ORIGINAL RESEARCH article
Sec. Food Microbiology
Volume 6 - 2019 | https://doi.org/10.3389/fnut.2019.00015
Production of an Enzymatic Extract From Aspergillus oryzae DIA-MF to Improve the Fructooligosaccharides Profile of Aguamiel
- Group of Bioprocesses and Bioproducts, Food Research Department, School of Chemistry, Universidad Autónoma de Coahuila, Saltillo, Mexico
Aguamiel is a natural sap produced by some species of agave plants, such as Agave salmiana, A. atrovirens, or A. angustifolia. It is a product with a high concentration of fructose, glucose or sucrose, although its composition may vary depending on the season in which it is produced, and may also contain agave fructans (or agavins) or fructooligosaccharides (FOS). It has been reported that FOS can be produced by enzymes that act on sucrose or inulin, transfructosylating or hydrolyzing these materials, respectively. Due to the sugar content in aguamiel, the application of an enzymatic complex produced by Aspergillus oryzae DIA MF was carried out. This complex was characterized by 1-D electrophoresis SDS-PAGE, and its transfructosylation and hydrolysis activities were determined by HPLC. In order to determine the conditions at which the concentration of FOS in this beverage increased, kinetics were carried out at different temperatures (30, 50, and 70°C) and times (0, 1, 2, 3, 4, 5, 10, and 15 h). Finally, the antioxidant and prebiotic activities were evaluated. FOS concentration in aguamiel was increased from 1.61 ± 0.08 to 31.01 ± 3.42 g/ L after 10 h reaction at 30°C applying 10% enzymatic fraction-substrate (v/v). Antioxidant activity was highly increased (34.81–116.46 mg/eq Trolox in DPPH assay and 42.65 to 298.86 mg/eq Trolox in FRAP assay) and growth of probiotic bacteria was higher in aguamiel after the enzymatic treatment. In conclusion, after the application of the enzymatic treatment, aguamiel was enriched with FOS which improved antioxidant and prebiotic properties, so it can be used as a functional food.
Fructooligosaccharides (FOS) are oligosaccharides composed of fructose monomers linked to a glucose with a polymerization degree (DP) from three to ten; these oligosaccharides have β-2,1 or β-2,6 linkages in its structure. If the DP goes >10 these polysaccharides belong to the fructans group, and depending on its structure, they are named differently: inulin if the fructan structure has β-2,1 linkages, levan if it has β-2,6 linkages and, a fructan with both linkages in its structure is known as agavin (1).
FOS can provide different effects on human health. Due to the linkages they have, FOS can be eaten and reach the intestine intact because the digestive system cannot metabolize them; once they reach the intestine, the microbiota uses them as a substrate, classifying them as prebiotics (2). After these compounds are used by the microbiota as a substrate, bacteria like Lactobacillus or Bifidobacterium produce compounds to regulate cholesterol and triglycerides, increasing the mineral absorption in the intestine, and to regulate the production of diverse cytokines and immunoglobulin A, reducing the risk of developing colon cancer. It has also been reported that some FOS from the grain of Coix lachryma-jobi Linn can bring antioxidant activity 0.97-fold higher than of vitamin C (2–6).
FOS can be found in natural materials (e.g., onions, bananas, chicory), but its concentration is very low and by different extraction methods, the yield can be 0.009 g of FOS/ g of raw material (7). An alternative in FOS production is the employment of biotechnological processes. Some fungi and bacteria are able to produce enzymes with FOS production capacity, but fungi are mainly used due to their capacity to produce extracellular enzymes, making the production in culture media easier. Fungi can produce FOS by different enzymatic mechanisms: fructosyltransferases, which form FOS from sucrose by transfructosylation (8); β-fructofuranosidases with hydrolytic and fructosyltransferase activity, being the hydrolytic activity preponderant during transfructosylating (9); and inulinases, enzymes that hydrolyze inulin, producing fructose monomers (exoinulinase) or/and producing shorter inulin chains or FOS (endoinulinase) (10).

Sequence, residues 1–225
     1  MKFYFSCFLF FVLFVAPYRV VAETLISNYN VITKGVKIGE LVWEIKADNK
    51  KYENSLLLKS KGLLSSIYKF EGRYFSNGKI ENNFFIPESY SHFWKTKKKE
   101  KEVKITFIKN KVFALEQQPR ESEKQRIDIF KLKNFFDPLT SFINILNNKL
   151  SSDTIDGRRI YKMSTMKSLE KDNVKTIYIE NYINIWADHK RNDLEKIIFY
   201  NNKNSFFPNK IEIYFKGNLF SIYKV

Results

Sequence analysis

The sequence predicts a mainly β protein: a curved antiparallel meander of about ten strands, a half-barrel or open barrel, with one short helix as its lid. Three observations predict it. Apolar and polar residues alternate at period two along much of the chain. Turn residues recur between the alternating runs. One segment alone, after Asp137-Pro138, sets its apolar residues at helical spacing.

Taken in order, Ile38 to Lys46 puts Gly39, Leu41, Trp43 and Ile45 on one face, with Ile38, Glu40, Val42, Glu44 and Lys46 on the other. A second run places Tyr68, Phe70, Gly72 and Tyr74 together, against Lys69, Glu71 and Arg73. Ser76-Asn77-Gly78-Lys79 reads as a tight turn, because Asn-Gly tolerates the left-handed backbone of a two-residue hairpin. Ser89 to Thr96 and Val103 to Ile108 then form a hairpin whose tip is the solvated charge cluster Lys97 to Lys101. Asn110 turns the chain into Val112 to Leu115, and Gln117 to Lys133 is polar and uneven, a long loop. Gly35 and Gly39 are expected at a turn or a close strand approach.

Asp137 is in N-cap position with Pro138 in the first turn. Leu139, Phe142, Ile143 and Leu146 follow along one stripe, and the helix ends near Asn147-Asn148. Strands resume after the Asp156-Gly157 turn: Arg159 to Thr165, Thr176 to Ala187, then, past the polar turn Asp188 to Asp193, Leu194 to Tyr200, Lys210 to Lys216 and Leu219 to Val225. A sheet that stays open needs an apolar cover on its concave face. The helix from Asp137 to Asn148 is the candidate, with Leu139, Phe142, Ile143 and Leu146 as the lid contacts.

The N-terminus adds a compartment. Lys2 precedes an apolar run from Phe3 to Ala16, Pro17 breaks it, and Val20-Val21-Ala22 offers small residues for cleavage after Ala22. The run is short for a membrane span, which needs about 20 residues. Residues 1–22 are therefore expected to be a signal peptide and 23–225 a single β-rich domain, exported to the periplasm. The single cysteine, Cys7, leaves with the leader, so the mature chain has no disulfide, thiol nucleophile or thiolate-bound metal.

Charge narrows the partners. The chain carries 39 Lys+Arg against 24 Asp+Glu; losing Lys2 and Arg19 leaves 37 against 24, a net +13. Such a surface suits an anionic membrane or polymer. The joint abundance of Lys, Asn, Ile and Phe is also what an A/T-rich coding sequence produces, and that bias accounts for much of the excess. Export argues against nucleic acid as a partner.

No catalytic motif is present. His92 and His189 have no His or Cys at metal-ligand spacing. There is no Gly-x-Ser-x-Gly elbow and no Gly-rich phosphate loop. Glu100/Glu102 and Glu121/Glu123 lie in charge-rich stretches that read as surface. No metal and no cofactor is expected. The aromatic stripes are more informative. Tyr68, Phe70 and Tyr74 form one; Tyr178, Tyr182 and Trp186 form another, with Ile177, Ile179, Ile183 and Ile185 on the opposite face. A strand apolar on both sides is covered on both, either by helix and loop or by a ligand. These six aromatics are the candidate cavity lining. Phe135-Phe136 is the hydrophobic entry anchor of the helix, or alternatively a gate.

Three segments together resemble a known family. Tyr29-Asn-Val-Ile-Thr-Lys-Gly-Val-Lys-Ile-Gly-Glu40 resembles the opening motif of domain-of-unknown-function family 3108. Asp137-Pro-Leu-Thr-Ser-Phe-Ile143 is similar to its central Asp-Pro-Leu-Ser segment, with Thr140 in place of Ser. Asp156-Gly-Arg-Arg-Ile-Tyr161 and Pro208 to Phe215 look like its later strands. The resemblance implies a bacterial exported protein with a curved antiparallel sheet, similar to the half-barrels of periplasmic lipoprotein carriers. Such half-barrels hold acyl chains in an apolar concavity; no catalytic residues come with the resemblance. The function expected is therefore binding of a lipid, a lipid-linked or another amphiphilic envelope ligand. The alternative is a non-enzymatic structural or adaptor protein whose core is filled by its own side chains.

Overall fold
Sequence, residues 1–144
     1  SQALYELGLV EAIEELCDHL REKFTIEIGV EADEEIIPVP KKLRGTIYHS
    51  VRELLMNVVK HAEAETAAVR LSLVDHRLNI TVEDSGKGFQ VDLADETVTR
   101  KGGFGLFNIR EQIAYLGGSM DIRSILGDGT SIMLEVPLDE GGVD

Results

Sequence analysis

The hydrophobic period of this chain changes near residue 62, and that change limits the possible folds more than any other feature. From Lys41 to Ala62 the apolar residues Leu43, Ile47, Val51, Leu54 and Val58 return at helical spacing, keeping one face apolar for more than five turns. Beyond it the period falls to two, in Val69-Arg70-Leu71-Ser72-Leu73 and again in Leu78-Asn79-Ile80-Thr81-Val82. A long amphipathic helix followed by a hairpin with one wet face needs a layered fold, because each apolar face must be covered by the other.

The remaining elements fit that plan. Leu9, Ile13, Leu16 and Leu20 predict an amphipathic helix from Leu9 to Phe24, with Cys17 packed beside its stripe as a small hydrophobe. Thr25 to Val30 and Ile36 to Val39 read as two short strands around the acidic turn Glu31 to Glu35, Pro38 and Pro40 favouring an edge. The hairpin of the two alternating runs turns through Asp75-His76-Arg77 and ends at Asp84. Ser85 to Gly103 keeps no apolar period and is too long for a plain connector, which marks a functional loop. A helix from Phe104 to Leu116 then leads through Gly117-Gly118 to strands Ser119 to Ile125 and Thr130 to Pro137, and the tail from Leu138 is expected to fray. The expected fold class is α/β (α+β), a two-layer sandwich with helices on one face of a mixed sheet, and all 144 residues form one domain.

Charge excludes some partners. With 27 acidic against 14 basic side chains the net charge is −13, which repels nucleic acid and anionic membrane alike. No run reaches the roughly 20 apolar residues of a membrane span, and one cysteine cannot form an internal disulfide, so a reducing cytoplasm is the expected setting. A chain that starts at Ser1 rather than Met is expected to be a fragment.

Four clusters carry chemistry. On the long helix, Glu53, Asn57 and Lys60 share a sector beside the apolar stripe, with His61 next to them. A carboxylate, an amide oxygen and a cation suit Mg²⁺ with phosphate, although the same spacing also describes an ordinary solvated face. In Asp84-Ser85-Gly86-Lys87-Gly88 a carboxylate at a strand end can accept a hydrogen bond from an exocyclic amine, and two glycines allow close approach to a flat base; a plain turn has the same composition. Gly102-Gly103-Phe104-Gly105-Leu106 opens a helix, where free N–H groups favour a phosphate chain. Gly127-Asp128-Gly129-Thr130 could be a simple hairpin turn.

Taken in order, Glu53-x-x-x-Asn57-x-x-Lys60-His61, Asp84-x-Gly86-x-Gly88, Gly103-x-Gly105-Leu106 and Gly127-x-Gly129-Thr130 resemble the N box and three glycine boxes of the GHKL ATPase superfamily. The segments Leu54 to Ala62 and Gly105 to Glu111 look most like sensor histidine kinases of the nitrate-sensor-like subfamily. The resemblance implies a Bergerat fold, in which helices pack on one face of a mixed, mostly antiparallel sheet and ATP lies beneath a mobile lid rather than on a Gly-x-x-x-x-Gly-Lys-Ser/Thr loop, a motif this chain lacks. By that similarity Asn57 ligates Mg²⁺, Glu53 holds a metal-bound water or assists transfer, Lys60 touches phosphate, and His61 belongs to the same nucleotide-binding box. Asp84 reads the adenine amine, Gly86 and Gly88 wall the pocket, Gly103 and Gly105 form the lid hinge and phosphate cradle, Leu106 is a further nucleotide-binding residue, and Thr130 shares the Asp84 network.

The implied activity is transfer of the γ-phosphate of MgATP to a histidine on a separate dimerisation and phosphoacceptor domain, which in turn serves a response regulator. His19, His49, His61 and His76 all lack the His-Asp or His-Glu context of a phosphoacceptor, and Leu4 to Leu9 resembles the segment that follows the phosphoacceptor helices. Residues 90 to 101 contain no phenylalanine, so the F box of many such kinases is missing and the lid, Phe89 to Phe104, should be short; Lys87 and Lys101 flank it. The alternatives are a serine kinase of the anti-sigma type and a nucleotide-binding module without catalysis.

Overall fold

Infant formulas, pastry, confectionary, beverages, other food products and food supplements have been enriched with FOS. Nevertheless, the suggested minimum daily effective intake required to produce a beneficial health effect is 3–8 g FOS/portion of product (11). Agave plants can produce an exudate denominated aguamiel. Aguamiel is a liquid product rich in sugars, which are mainly composed of fructose, sucrose, FOS, and agavins; but, it also contains glucose and some maltooligosaccharides (12, 13). The concentration of FOS in aguamiel is low, but it's a material with great conditions before use as a product enriched with FOS, it has high concentrations of sucrose and agavins used to be hydrolyzed to produce more FOS. Also, aguamiel is a cheap product with a price lower than $1 dollar and in its composition is made up of saponins, minerals and essential amino acids, along with the sugars it contains (14–16). The aim of this work was to increase the FOS concentration in aguamiel, by using an enzymatic complex produced by Aspergillus oryzae DIA-MF, to improve its antioxidant and prebiotic properties.
Reagent and Standards
FOS standards 1-kestose (GF2), 1-nystose (GF3), and 1F-fructofuranosylnystose (GF4) were purchased from Wako Pure Chemical Industries, Ltd. (Japan Company). Fructose (F), glucose (G), and sucrose (S) standards were obtained from Sigma Aldrich (St. Louis, MO, USA). A Trolox standard was obtained from Sigma Aldrich (St. Louis, MO, USA). Aguamiel was obtained from “Ejido Las Mangas” (long. −101.102500, Lat. 24.906111), Saltillo, Coahuila, Mexico from Agave salmiana in December 2017. It was sterilized by membrane filtration (0.45 μm) before its use. Orafti HSI® was obtained from Beneo Company (Belgium). Agavins were obtained from Megafarma® (Durango, Mexico). Protein marker Prestained SDS-PAGE standard #1610318 was obtained from Bio-Rad (Hercules, CA, USA). Silver BULLit™ silver stain kit was obtained from AMRESCO (Radnor, PA, USA).
Evaluation and Selection of the Crude Enzymatic Extract